Music videos are so 80s/90s, right? They belong with the era when MTV screened wall-to-wall vids instead of 'reality' TV? Try telling that to the millions who bought Gangnam Style; were they really simply loving the music? 1.6bn (and still climbing) have viewed the video on YT, not to mention the many re-makes (school eg, eg2), viral ads + celeb link-ups (even political protest in Seoul) - and it doesn't matter how legit it is, this nightmare for daydream Beliebers is making a lot of money, even from the parodies + dislikes. All this for a simple dance track that wouldn't have sounded out of place in 1990 ... but had a fun vid. This meme itself was soon displaced by the Harlem Shake. Music vids even cause diseases it seems!
This blog explores every aspect of this most postmodern of media formats, including other print-based promo tools used by the industry, its fast-changing nature, + how fans/audiences create/interact. Posts are primarily written with Media students/educators in mind. Please acknowledge the blog author if using any resources from this blog - Mr Dave Burrowes

Thursday, 24 March 2016

INDUSTRY VINYL Kid rock: Teen record label owner

So...imagine you got a little bored after your AS year, you needed a wee side project, something to gear you up for your A2 work in the music industry. Perhaps you thought you'd set up a record label, specialising in vinyl?!

Sound crazy? Not to this 17 year-old from Detroit...
Article link below the line

INDUSTRY US + UK labels row with YouTube, vinyl bigger than streaming

Following on from a recent BPI (UK music industry body) report comes an RIAA (USA equivalent) report making very similar arguments: YouTube is not paying enough, and streams are worth less in total than vinyl sales despite the vastly different numbers involved.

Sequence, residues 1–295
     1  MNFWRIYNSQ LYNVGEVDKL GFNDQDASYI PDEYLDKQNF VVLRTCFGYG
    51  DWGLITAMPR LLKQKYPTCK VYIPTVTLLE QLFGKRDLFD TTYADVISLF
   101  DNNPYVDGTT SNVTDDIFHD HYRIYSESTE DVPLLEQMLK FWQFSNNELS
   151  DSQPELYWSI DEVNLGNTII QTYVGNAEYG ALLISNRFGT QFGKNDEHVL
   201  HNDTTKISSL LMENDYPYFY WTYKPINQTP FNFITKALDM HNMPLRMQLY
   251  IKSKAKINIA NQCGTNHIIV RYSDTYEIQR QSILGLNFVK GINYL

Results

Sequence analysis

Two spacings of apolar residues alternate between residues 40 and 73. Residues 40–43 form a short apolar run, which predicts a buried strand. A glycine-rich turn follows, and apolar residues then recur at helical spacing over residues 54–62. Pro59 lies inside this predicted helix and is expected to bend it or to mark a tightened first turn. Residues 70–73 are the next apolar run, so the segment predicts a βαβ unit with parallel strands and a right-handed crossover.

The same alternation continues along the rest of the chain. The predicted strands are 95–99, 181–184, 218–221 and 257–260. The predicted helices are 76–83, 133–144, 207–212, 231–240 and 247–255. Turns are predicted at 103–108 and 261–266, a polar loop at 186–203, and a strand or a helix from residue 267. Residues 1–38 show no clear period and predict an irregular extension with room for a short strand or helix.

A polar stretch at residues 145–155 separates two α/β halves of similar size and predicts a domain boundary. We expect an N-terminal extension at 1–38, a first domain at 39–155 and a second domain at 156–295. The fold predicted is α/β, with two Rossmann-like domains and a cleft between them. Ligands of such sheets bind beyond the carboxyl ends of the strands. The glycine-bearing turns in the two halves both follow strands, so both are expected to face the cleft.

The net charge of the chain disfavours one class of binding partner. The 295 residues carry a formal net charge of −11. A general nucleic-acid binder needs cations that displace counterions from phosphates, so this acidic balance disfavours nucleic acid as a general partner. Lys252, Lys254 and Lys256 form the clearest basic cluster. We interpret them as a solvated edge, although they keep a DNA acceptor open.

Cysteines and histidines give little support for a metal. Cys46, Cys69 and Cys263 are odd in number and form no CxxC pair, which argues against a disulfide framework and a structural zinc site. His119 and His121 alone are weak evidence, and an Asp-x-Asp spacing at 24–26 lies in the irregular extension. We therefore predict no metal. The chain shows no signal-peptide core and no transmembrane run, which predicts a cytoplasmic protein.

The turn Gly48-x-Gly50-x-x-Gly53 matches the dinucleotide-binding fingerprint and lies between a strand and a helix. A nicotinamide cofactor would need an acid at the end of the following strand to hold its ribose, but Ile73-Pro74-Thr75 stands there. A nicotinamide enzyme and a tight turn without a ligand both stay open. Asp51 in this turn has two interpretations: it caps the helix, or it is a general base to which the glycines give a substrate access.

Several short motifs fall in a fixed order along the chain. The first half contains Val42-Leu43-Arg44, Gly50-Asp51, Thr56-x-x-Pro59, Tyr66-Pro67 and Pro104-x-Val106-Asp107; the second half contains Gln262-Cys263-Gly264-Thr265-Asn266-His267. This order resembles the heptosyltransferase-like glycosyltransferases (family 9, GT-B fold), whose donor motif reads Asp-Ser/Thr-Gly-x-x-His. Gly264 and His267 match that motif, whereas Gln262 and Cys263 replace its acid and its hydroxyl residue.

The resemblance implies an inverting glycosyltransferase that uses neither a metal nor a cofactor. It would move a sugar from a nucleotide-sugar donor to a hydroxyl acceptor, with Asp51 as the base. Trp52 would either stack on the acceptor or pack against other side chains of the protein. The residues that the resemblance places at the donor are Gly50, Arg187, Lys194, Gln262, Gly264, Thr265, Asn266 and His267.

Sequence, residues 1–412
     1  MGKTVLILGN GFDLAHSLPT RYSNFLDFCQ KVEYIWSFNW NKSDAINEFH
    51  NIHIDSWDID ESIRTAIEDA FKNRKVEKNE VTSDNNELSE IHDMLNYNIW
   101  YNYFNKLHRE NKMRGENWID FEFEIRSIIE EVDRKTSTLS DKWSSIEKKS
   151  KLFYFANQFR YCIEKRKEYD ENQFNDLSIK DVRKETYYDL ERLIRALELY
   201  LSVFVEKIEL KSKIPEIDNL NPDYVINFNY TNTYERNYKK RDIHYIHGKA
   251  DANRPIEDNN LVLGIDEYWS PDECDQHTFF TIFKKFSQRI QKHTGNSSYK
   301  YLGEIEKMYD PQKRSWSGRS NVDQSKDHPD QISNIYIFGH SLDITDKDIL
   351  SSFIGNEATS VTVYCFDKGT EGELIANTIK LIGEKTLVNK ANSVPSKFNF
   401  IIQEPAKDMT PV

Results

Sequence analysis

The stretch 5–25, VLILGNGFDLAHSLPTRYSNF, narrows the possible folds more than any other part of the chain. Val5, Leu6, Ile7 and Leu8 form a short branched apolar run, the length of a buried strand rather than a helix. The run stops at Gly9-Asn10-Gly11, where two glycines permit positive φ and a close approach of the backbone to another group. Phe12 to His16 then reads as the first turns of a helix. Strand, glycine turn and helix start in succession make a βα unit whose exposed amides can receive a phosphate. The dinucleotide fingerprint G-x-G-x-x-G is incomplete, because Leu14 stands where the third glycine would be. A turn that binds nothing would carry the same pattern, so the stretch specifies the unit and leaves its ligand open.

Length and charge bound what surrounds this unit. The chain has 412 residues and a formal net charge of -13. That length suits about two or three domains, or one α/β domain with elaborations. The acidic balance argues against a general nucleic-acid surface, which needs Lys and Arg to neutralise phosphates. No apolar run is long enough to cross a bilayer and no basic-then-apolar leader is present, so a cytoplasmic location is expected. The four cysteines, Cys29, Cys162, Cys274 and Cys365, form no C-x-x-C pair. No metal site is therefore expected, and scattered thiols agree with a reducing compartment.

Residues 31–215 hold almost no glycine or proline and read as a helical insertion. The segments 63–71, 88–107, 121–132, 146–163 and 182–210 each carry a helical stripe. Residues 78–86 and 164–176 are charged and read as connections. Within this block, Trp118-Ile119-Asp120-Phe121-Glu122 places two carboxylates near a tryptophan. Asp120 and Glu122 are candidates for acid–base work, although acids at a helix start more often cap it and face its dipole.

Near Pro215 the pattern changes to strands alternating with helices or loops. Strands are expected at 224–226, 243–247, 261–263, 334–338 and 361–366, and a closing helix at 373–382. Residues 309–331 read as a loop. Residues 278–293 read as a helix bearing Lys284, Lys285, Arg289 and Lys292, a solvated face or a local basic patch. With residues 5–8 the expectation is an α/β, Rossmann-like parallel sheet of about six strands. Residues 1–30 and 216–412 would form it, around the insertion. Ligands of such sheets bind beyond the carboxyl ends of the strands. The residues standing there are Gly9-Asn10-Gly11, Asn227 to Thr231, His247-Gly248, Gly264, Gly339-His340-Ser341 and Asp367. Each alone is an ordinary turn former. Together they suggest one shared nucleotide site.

Numbers are what you get plenty of here: clear, precise, specific evidence you can use to show you've got a firm grip on the evolving nature of a digitally disrupted industry.

Thursday, 17 March 2016

INDUSTRY HD Vinyl within 3 years

Vinyl sales are already worth more than all music streaming, with a 30% rise in 2015. Only the slow, heavily polluting manufacturing process, and a lack of factory capacity, can hold it back - and once HD Vinyl hits both problems are gone...

Monday, 14 March 2016

INDUSTRY Why major acts aren't releasing new albums

Cinderella are a bluesy glam metal band who had huge 90s hit albums and retain a large live following. Here's their bass player explaining why it's so long since they released new material ... and he was speaking back in 2011, when the economics were more favourable than they are now!

You could argue that there's a false sense of entitlement here, but this is how many acts are viewing the logistics of recording, mixing and distributing new material

In a 2011 interview, Eric explained why there was little incentive for CINDERELLA to make a new studio record. He said: "In the musical climate these days and the way we like to do things, it's not really worth doing it anymore. Our last record cost $1.2 million to make and the cheapest record we've ever made was $400,000. You can't do that these days because no one even sells $400,000 worth of records, CDs or downloads. Everything's changed. Everyone makes records in their bedrooms basically for next to nothing and in my opinion, most of them sound like it. That's not what we're about."
SOURCE: Blabbermouth.

Sunday, 13 March 2016

REPRESENTATION Are women still male gaze others?

There has been a lot of discussion about the status of women in the music industry lately (echoed with a film industry debate too), with allegations swirling not just of secondary status but abuse too.

Although she was cruelly, publicly put down by Miley Cyrus (with cracks at the mental health of a woman who has suffered long term depression and a recent breakdown), Sinead O'Connor's plea for Cyrus to resist the sexploitation of male managers, executives and video directors still rings very true.

You can easily find lots of articles, recent and historic (look at Tina Turner or any number of 60s girl bands) to help add a deeper perspective to your own consideration of representations; how your media language choices signify and position various social groups.

Here's an excerpt from this pull no punches article:
It’s wearying if only because the stories – and the inevitable clamor that accompanies them – are generated at a constant churn, which makes them feel horrifyingly normal. Anyone who aspires to be a “woman in rock” (or pop) is only able to inhabit that scene as an “other”. They exist in a place where they’re only seen as women, as being to be looked at first, and as such can be relegated to subordinate status at any moment.